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Branding Vs. Marketing: What Every NPO Leader Should Know

Branding Vs. Marketing: What Every NPO Leader Should Know

Branding and Marketing: Different but Complementary

There are two essential strategies for attracting donors: marketing and branding. If you think they’re more or less the same thing, then you’re not alone. However, you’d also be wrong. Marketing and branding are different but complementary approaches to fundraising that are essential for you to master. In short, marketing is about activating while branding is about educating. It’s crucial to master both approaches if you hope to achieve your fundraising goals.

Branding Educates

Branding is the tool to use when you want people to understand why your organization does what it does. Branding creates emotional responses in donors and supporters. It turns curious people into supporters and converts supporters into donors.

For many people, “branding” is mostly concerned with logos, fonts, and color palettes. But it’s much more than this. Branding is about storytelling, about finding creative ways to explain your organization’s mission in terms that are personalized and meaningful to each supporter while demonstrating your proven ability to achieve meaningful goals that serve your community.

It’s not just a matter of telling people why you exist. Branding is about perception and experience. Your brand – what you represent – is the story you tell donors and supporters that helps them fit your mission into their worldview.

It’s the difference between saying, “We’re a nonprofit working to eradicate childhood cancer,” and telling the story of a courageous ten year-old girl with Leukemia and how the services you provide are making a crucial difference to her and her family. It’s about crafting human stories that touch the heart, not about making pronouncements about your organization and goals.

Branding Requires Planning and Discipline

Your brand is also your identity. It’s the story you’re living every day. One of the biggest responsibilities you’ll have as a leader is to keep that identity from drifting. That means crafting a branding document with an explicit set of branding messages and organizational values that inform everything you do. Your branding should be reflected not only in your messaging but also in the ways in which you interact with donors and supporters. It should also inform how your team communicates internally. Good branding is all-pervasive. This takes discipline and consistency.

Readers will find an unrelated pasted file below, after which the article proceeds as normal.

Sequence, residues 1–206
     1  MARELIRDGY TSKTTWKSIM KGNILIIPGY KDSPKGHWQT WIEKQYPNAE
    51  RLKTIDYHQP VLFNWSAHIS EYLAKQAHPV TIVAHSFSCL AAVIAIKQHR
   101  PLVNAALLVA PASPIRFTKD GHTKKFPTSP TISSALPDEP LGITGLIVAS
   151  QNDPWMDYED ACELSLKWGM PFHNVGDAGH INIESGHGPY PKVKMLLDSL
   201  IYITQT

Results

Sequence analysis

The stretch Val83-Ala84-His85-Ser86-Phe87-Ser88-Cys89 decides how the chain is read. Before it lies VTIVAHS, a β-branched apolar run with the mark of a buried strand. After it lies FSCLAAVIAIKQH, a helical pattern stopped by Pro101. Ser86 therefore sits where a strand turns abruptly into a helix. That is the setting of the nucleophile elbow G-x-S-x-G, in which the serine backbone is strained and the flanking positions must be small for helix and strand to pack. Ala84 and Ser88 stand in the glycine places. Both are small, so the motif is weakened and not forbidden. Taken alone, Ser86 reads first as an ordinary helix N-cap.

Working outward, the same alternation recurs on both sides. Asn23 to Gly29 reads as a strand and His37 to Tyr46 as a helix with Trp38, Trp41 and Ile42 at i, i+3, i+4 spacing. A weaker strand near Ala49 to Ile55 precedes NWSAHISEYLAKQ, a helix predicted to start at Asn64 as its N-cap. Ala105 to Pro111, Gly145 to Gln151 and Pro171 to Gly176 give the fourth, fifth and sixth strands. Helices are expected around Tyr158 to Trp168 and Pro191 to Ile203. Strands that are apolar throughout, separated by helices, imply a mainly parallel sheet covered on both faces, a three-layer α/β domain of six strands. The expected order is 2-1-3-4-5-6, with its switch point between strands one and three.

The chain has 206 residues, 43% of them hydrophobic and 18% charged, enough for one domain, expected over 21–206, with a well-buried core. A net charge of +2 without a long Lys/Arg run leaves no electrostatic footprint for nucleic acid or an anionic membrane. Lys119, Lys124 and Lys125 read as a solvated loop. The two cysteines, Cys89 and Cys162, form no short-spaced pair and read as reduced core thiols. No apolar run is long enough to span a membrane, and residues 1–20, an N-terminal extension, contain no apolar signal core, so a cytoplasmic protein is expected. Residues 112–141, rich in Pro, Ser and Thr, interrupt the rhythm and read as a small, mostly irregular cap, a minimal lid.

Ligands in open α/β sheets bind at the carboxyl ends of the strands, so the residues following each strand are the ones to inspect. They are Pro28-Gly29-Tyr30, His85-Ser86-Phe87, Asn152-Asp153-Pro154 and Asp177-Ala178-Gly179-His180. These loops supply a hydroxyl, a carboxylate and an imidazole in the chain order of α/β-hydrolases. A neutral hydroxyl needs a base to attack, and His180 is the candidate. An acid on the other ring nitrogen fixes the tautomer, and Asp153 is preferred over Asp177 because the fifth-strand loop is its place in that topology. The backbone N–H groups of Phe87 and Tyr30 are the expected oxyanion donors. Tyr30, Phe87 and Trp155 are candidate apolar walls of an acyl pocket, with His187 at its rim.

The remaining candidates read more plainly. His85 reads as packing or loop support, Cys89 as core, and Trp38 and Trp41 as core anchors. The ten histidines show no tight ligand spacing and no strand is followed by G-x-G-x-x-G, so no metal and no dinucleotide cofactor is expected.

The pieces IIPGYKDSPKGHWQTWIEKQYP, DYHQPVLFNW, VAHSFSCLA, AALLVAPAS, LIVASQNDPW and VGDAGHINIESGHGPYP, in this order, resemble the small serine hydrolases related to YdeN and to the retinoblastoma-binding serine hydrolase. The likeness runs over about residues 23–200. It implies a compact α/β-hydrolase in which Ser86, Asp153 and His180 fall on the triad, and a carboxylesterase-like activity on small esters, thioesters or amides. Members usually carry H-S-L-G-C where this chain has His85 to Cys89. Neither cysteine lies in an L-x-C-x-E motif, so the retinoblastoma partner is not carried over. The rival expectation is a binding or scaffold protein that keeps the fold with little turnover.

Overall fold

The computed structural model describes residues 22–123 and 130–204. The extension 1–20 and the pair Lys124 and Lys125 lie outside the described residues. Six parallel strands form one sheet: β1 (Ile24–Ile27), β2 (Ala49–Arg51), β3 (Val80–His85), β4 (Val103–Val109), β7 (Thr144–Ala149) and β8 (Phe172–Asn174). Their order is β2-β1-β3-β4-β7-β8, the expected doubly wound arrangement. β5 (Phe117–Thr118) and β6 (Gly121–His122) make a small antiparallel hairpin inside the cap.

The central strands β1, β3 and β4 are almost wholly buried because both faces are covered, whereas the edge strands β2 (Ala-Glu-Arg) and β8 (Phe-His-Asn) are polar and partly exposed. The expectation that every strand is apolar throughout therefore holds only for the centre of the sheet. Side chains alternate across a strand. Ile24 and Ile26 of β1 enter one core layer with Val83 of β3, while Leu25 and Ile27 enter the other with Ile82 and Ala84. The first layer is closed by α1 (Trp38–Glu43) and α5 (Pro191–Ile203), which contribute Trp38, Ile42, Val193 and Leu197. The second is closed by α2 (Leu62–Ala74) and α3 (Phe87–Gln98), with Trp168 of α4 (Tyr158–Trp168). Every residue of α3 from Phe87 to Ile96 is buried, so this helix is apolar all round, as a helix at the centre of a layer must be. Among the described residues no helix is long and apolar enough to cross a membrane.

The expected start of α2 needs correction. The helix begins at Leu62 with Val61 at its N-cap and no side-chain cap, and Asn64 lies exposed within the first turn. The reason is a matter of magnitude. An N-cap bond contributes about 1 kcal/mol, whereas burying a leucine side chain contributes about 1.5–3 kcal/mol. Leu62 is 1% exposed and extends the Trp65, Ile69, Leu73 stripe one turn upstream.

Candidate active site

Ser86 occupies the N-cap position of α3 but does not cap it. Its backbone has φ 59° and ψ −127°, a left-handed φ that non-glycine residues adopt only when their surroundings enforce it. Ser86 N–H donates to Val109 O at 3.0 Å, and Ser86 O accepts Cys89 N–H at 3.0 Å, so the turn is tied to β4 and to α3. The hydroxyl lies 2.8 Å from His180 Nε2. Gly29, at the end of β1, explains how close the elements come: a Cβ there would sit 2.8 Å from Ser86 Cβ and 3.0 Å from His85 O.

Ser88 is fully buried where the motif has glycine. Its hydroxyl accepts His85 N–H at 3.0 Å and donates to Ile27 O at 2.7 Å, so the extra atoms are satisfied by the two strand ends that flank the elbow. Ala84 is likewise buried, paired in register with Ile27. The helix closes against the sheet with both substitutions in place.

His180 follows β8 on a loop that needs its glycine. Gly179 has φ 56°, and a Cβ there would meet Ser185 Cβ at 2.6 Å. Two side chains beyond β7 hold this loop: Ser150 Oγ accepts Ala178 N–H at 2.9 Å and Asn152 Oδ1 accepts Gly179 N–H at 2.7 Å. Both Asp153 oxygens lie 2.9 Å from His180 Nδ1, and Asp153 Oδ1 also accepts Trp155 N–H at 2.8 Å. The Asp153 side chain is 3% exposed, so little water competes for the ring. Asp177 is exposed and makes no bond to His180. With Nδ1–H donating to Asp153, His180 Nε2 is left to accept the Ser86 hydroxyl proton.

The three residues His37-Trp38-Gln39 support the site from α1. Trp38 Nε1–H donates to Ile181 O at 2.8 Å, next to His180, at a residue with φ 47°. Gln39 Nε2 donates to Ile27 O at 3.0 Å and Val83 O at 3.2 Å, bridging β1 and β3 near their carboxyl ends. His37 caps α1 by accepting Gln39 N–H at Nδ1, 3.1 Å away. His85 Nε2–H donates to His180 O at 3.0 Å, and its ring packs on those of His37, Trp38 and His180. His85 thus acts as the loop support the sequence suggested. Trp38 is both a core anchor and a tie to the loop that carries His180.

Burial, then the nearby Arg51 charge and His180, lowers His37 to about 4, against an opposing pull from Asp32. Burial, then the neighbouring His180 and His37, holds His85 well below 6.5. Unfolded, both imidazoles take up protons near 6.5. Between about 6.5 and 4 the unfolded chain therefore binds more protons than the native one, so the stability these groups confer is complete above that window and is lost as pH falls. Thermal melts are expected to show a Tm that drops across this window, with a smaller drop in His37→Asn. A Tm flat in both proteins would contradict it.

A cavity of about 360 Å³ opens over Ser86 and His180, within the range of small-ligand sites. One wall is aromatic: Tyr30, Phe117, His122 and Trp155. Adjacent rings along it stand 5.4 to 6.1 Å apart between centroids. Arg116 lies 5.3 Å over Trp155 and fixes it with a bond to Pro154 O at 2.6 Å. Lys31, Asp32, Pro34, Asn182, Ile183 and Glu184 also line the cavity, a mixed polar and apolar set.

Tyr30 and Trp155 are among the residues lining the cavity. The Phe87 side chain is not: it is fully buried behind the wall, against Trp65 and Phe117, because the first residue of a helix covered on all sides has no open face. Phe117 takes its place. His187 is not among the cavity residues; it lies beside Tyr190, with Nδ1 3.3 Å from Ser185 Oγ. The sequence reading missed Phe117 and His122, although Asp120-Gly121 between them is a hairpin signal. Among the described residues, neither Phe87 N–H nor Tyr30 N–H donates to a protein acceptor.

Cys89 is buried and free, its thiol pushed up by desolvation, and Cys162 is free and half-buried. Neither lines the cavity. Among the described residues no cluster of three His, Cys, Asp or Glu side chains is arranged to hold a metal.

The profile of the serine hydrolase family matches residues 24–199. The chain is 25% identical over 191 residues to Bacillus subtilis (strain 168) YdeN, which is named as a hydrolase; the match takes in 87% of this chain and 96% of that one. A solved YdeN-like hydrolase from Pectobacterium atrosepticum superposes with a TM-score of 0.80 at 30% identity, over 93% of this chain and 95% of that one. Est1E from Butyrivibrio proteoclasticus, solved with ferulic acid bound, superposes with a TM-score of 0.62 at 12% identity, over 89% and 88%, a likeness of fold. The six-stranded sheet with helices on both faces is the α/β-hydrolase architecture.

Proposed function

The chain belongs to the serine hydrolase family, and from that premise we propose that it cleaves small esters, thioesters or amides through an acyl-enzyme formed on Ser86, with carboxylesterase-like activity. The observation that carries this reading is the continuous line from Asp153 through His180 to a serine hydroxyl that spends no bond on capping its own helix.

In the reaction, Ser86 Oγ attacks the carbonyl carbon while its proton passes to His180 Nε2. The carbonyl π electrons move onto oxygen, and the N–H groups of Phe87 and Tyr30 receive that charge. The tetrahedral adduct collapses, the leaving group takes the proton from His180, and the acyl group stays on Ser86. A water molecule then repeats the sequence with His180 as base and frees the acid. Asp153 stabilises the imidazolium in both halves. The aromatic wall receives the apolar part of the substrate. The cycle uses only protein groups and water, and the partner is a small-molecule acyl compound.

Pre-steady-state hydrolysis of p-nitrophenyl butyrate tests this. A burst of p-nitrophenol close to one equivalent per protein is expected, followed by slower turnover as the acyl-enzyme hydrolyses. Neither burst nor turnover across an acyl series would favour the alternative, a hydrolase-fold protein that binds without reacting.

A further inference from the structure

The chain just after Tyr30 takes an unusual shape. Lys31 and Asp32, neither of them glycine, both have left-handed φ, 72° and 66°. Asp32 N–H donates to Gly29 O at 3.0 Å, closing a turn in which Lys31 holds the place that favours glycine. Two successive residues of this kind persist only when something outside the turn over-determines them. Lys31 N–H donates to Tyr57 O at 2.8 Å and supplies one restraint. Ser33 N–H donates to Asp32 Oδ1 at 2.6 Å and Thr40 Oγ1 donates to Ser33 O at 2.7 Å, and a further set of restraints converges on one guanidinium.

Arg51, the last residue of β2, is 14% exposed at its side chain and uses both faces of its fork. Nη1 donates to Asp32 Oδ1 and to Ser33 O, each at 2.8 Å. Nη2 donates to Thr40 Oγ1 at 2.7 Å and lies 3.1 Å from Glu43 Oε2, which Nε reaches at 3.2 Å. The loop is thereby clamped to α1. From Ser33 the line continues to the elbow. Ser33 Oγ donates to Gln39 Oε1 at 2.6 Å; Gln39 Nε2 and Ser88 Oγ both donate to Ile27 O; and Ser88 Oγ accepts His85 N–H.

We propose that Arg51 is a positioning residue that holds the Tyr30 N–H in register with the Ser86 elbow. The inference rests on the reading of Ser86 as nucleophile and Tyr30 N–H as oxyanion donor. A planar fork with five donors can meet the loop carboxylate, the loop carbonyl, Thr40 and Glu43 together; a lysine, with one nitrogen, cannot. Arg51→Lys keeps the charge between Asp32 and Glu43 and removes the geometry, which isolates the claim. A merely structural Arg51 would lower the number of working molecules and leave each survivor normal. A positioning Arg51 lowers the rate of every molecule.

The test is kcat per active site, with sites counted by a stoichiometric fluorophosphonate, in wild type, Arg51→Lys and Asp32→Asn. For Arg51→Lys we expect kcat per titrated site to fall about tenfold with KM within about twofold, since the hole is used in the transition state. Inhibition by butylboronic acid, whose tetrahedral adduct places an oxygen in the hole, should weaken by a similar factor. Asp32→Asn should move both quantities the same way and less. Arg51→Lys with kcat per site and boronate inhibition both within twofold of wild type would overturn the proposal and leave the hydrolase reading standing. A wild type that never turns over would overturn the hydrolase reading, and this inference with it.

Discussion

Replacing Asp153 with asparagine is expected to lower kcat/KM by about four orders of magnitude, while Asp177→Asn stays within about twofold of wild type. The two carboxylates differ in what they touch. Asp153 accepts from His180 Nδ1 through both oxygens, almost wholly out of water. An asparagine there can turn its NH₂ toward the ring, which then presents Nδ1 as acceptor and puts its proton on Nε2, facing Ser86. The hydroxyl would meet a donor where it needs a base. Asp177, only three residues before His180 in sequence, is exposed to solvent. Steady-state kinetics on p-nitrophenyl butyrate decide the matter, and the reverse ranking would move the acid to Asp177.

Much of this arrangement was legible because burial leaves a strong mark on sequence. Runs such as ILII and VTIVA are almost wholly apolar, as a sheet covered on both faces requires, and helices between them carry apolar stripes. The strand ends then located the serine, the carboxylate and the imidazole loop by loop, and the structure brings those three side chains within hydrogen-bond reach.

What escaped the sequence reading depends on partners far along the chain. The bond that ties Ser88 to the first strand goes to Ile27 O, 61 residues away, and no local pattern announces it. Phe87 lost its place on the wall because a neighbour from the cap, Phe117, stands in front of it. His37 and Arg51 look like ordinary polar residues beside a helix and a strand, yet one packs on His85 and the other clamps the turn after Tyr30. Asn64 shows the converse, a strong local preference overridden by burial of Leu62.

Leading with Your Brand

Branding sets the stage for marketing. Once people feel a personal connection to your organization, they’re much more likely to pay attention to your asks and respond to your outreach efforts. Marketing is essential as a way to communicate your brand values. But it’s ultimately the story that donors and supporters associate with your mission, not the cleverness of your marketing copy that wins the day.

Educating Your Team

Your team might have difficulty understanding why branding is so important. “After all,” they might say, “our goal is to serve our community. We’re not a giant packaged goods company trying to sell products.” This is a mindset you must work to overcome.

As leader, it’s your responsibility to help your team understand how branding creates deeper, more meaningful connections with supporters and stakeholders and that the quality of these connections is what ultimately determines the success of your fundraising programs. People give more and more frequently to organizations they trust, organizations who have earned their loyalty. Branding is your most strategic tool in achieving this.

Marketing, on the other hand, is tactical. And here’s the thing about tactics: they change frequently. Branding, on the other hand, embodies a consistent set of messages and values that you maintain for the life of your organization. Branding instills an emotional connection between you and your stakeholders and supporters. It’s about crafting a story that is so personal and compelling that supporters learn to see it as their very own.

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